sqlite 3.22.0 read-only WAL mode clarifications

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sqlite 3.22.0 read-only WAL mode clarifications

Leonard Lausen
sqlite 3.22.0 added the ability to read from WAL mode databases even if
the application lacks write permission on the database and its
containing directory, as long as the -shm and -wal files exist in that
directory.

Even though the wiki page states that WAL does not work over a network
filesystem, I am able to use WAL over a network filesystem when using
sqlite 3.22.0 as long as the respective -shm and -wal files exist. (This
may or may not work with earlier versions.)

Could someone clarify if this is intended or may result in database
corruption? (I am only reading from the database on the remote host)

Is there some way to force the -shm and -wal files to always be present?

Best regards
Leonard

PS: The details of the network filesystem mount: hostname:/home/data on
/home/hostname type nfs4
(ro,relatime,vers=4.1,rsize=1048576,wsize=1048576,namlen=255,hard,proto=tcp,port=0,timeo=600,retrans=2,sec=sys,clientaddr=IPADDR,local_lock=none,addr=IPADDR)

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Re: sqlite 3.22.0 read-only WAL mode clarifications

Richard Hipp-3
On 2/9/18, Leonard Lausen <[hidden email]> wrote:

> sqlite 3.22.0 added the ability to read from WAL mode databases even if
> the application lacks write permission on the database and its
> containing directory, as long as the -shm and -wal files exist in that
> directory.
>
> Even though the wiki page states that WAL does not work over a network
> filesystem, I am able to use WAL over a network filesystem when using
> sqlite 3.22.0 as long as the respective -shm and -wal files exist. (This
> may or may not work with earlier versions.)
>
> Could someone clarify if this is intended or may result in database
> corruption? (I am only reading from the database on the remote host)

Wal relies on a small amount of shared memory to coordinate activities
between clients.  On unix, the shared memory is implemented by calling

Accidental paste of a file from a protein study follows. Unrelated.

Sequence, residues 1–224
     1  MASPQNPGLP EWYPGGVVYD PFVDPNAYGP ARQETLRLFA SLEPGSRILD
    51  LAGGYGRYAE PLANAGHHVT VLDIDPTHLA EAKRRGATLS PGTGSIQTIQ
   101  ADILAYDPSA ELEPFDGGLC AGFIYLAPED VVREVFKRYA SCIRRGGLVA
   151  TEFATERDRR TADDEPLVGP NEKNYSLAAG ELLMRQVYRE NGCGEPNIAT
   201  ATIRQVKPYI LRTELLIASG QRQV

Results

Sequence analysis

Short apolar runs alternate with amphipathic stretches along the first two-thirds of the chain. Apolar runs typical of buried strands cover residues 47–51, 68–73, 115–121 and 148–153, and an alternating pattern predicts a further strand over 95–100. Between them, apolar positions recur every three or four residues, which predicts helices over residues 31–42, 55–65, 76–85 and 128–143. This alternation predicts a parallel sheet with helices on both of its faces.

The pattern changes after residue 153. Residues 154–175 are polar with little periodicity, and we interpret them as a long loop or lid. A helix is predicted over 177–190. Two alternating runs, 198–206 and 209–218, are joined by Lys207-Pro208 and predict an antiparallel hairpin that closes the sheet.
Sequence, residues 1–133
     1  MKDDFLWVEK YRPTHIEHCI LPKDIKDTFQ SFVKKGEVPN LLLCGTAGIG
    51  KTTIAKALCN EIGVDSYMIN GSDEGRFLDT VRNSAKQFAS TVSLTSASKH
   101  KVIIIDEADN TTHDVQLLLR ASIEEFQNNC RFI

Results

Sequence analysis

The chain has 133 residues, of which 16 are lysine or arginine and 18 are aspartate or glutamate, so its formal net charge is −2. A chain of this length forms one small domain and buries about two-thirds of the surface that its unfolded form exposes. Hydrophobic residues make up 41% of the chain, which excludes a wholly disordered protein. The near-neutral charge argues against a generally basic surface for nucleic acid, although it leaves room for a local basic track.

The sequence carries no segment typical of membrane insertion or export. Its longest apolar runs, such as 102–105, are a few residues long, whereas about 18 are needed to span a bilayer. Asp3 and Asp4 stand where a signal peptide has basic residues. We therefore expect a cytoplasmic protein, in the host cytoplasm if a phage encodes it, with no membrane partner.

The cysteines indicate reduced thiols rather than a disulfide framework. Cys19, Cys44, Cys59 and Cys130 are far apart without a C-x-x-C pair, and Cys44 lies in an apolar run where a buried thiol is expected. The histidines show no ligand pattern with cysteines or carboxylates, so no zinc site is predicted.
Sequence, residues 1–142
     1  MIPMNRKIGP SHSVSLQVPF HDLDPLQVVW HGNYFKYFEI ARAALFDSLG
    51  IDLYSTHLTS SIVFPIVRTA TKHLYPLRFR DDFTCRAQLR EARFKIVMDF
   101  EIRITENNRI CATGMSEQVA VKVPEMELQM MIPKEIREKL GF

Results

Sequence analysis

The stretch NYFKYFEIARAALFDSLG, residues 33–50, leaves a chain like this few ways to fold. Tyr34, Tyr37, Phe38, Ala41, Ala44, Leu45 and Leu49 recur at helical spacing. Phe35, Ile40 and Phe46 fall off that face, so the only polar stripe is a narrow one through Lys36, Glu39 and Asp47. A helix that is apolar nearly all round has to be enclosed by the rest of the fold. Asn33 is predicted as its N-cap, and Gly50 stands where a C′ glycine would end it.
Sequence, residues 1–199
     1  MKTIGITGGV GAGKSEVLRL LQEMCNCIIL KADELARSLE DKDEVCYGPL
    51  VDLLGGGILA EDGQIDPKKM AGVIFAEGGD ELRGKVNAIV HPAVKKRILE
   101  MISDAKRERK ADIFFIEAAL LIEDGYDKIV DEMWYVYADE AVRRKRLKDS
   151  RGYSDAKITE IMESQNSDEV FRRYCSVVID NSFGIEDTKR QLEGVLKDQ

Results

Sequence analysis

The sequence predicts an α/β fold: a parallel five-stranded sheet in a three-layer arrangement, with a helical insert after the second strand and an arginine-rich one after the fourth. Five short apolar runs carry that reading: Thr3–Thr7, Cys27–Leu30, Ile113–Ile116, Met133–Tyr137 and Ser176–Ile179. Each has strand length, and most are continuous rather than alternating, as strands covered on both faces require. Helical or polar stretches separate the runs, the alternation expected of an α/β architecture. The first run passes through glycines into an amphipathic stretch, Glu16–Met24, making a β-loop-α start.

mmap() on the -shm file.

If two or more clients connect from different hosts, then obviously
they cannot share the same memory.  In that case, WAL will
malfunction.

It may have worked for you in your test.  But that just means you
didn't test it enough.

>
> Is there some way to force the -shm and -wal files to always be present?
>

https://www.sqlite.org/c3ref/c_fcntl_begin_atomic_write.html#sqlitefcntlpersistwal
--
D. Richard Hipp
[hidden email]
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Re: sqlite 3.22.0 read-only WAL mode clarifications

Simon Slavin-3
In reply to this post by Leonard Lausen


On 9 Feb 2018, at 10:50am, Leonard Lausen <[hidden email]> wrote:

> sqlite 3.22.0 added the ability to read from WAL mode databases even if
> the application lacks write permission on the database and its
> containing directory, as long as the -shm and -wal files exist in that
> directory.
>
> Even though the wiki page states that WAL does not work over a network
> filesystem, I am able to use WAL over a network filesystem when using
> sqlite 3.22.0 as long as the respective -shm and -wal files exist. (This
> may or may not work with earlier versions.)

Yes, you are getting results for the pattern of access you tried.  That doesn't mean you'll not start getting error messages or corrupted files when you try something else.  The problem is not with reading files, it's with locking.

> Could someone clarify if this is intended or may result in database
> corruption? (I am only reading from the database on the remote host)

You note above unusual circumstances: "even if the application lacks write permission on the database and its containing directory".  

Will any of the processes accessing the database have write permission ?  If not, if they're all just reading the existing database, then there's no opportunity for corruption.  Think of it as

1) Reading a database while it's being written to may yield corrupt results.  SQLite uses locking to avoid this.
2) Two processes writing a database at once will corrupt the database.  SQLite uses locking to avoid this.
3) Locking does not work properly across a network

and you'll figure out the danger scenarios.